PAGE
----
Mar 312004
 
Authors: Daniel Hallford

The Downtown Development Authority has been formulating ideas

for some time regarding what a Fort Collins of the future should

look like in an endless effort to build a stronger culture in Old

Town.

“It’s all part of a vision,” said Chip Steiner, executive

director of the DDA. “We’re trying to increase the cultural

amenities.”

Future plans for downtown include everything from amphitheatres

to zambonis for new ice skating rinks.

After a 2001 citywide vote to build a new performing arts center

in Fort Collins didn’t pass, there have been several attempts to

resurrect the idea. This is proposed in the DDA’s To Do List,

highlighting their efforts to infuse Old Town with more life from

every corner of the community.

The new performing arts center would be more grandiose than the

current options available to musicians and thespians in Fort

Collins, seating anywhere from 2,200 to 2,400 people. The center

would be north of campus and provide state-of-the-art options for

theatrical productions.

The goal of the new center would be to allow performers and

productions more options, hoping that they will choose Fort Collins

as a place to entertain. However, it is difficult to please

everyone, Steiner said.

“It’s hard to get a performing arts center to be everything to

everybody,” he said.

The DDA is an organization with nine members who are appointed

by the city council and serve as the primary planning and

development advisor for downtown Fort Collins, according to the

city of Fort Collins Web site.

Aiming to make downtown Fort Collins a more welcoming and

exciting place, the new improvements on the drawing board focus on

meeting the needs of wide variety of people who use downtown.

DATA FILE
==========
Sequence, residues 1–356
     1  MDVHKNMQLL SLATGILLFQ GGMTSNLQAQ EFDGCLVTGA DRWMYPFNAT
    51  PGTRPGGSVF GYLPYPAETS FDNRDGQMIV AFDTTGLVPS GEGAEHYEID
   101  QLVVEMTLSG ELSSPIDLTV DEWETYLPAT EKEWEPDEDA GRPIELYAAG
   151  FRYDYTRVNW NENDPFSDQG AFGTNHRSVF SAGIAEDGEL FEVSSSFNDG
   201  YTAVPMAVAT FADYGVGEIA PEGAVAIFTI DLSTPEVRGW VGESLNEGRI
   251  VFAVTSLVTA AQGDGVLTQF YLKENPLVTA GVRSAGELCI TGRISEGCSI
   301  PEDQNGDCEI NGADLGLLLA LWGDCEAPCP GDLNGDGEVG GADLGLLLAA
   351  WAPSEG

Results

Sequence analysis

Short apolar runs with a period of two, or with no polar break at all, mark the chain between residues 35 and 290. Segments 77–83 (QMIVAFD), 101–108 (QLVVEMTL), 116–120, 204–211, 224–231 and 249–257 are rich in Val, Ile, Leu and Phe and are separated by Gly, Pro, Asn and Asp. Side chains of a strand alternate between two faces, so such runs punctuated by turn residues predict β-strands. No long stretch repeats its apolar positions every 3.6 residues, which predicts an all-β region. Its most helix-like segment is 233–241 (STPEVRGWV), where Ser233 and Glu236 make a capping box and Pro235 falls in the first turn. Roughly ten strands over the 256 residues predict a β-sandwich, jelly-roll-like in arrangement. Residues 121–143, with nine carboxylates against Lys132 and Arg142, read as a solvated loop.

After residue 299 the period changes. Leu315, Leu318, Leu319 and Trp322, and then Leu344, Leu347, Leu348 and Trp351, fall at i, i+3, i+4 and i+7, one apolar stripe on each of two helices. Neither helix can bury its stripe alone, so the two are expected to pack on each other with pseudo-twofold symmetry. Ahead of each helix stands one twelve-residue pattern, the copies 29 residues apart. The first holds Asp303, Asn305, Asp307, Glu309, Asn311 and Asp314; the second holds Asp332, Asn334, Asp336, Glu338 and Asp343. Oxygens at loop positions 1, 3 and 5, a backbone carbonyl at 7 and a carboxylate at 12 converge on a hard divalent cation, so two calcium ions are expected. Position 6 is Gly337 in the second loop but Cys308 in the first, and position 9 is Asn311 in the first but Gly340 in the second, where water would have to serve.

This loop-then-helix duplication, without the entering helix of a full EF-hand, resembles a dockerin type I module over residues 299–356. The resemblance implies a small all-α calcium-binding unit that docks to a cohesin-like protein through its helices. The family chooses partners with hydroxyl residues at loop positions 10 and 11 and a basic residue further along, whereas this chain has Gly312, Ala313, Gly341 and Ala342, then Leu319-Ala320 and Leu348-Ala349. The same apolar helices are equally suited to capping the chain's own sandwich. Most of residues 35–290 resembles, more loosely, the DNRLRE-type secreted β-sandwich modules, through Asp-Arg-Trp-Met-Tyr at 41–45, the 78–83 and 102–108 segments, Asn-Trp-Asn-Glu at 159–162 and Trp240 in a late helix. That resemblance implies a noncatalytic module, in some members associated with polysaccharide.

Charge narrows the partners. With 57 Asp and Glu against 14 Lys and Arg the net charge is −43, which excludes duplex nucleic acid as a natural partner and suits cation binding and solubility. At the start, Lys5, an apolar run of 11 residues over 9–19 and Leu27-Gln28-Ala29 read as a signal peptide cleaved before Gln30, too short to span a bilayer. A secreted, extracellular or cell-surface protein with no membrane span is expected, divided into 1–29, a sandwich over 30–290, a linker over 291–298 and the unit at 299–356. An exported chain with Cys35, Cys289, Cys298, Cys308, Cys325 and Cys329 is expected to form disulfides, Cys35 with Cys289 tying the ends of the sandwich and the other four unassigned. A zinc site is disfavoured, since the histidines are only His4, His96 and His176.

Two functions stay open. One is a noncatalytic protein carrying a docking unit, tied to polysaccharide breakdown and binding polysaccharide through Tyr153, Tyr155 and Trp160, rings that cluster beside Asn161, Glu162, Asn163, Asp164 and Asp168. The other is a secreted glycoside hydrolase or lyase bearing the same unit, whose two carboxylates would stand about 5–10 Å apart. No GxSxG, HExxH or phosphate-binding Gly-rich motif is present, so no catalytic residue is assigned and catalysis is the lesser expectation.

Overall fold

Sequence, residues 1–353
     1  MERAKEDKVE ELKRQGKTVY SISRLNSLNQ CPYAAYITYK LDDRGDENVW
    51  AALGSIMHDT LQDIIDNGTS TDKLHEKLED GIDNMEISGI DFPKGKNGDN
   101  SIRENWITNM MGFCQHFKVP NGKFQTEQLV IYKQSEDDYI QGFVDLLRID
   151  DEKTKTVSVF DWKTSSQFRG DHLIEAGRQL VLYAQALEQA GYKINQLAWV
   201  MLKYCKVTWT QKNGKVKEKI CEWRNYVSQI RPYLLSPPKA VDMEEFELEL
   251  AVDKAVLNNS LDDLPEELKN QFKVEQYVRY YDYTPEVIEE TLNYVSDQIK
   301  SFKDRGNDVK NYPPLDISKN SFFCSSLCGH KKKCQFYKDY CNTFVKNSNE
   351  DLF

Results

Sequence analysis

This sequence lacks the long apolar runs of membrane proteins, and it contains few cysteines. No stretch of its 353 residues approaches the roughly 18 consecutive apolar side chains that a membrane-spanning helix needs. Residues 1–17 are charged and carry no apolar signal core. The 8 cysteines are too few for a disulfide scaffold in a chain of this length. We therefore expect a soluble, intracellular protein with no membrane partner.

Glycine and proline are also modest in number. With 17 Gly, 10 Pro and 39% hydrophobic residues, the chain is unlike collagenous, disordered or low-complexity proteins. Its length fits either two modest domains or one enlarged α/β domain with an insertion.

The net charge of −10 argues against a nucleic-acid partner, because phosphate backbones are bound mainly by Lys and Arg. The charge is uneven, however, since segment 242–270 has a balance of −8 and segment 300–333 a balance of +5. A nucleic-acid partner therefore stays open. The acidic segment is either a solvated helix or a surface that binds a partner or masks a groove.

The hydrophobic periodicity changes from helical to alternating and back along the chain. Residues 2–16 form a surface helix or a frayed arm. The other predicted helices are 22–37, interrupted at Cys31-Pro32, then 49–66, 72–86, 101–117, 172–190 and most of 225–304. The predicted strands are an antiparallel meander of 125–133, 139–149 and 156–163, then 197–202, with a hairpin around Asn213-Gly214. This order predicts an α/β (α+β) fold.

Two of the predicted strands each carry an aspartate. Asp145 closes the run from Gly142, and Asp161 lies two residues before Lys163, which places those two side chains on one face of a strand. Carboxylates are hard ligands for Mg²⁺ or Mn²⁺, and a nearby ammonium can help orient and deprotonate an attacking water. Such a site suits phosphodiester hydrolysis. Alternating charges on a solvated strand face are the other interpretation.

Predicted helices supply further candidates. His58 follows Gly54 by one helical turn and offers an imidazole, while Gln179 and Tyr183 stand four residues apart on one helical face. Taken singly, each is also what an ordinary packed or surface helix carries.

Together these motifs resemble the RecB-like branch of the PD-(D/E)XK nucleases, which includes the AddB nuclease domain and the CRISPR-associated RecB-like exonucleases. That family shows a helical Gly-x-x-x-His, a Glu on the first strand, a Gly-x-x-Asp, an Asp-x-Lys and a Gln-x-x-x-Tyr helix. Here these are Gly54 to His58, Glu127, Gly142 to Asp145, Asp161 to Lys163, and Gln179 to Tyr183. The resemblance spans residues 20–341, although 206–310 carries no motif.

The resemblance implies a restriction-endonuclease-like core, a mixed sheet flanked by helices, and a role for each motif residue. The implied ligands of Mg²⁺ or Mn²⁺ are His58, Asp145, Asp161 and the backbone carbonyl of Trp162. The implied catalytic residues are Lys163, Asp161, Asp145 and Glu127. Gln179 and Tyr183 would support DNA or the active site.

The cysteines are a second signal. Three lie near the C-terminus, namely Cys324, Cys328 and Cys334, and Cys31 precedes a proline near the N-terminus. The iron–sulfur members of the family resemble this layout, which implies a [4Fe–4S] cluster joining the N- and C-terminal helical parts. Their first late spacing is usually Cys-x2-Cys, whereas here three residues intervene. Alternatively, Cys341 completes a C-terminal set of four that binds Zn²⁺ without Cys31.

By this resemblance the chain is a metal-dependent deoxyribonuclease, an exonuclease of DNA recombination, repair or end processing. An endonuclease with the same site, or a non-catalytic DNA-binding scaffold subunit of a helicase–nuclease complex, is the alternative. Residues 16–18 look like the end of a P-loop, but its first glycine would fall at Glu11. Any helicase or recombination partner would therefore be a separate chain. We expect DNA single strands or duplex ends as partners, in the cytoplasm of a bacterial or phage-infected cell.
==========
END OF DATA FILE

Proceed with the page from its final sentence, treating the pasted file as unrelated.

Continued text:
“It will be the uses and the users of the cultural district we

create that will confirm and sustain downtown Fort Collins, the

gathering place for cultural, intellectual, physical and spiritual

growth,” according to a document written by the DDA.

“I like the idea of a farmer’s market,” said Eric Krasny, senior

psychology major.

“The last thing on earth we need is more restaurants or coffee

shops. Please no more super Wal-Marts.”

Other potential improvements included on the plan are an outdoor

ice rink, amphitheaters, an art school, lecture halls, a

year-round, enclosed farmer’s market, more small hotels, bed and

breakfasts and night clubs, housing for artists in residence, the

Colorado College of Contemporary Music, a new public library,

private theaters, galleries and an entirely new method of public

transportation. All of this is an enormous task, and it’s all in

the beginning stages with no dates set.

“Old Town has character, such as the Aggie Theatre, and the

local stores that you can’t find anywhere else,” said Jessica

Chavez, senior political science major.

But not everyone feels that Fort Collins’ Old Town needs

fine-tuning.

“I make it a point to shop in Old Town and everything is pretty

good already. It’s easy to get to and easy to get around. You can’t

legislate to provide more culture,” said Anne Howley, sophomore

interior design major.

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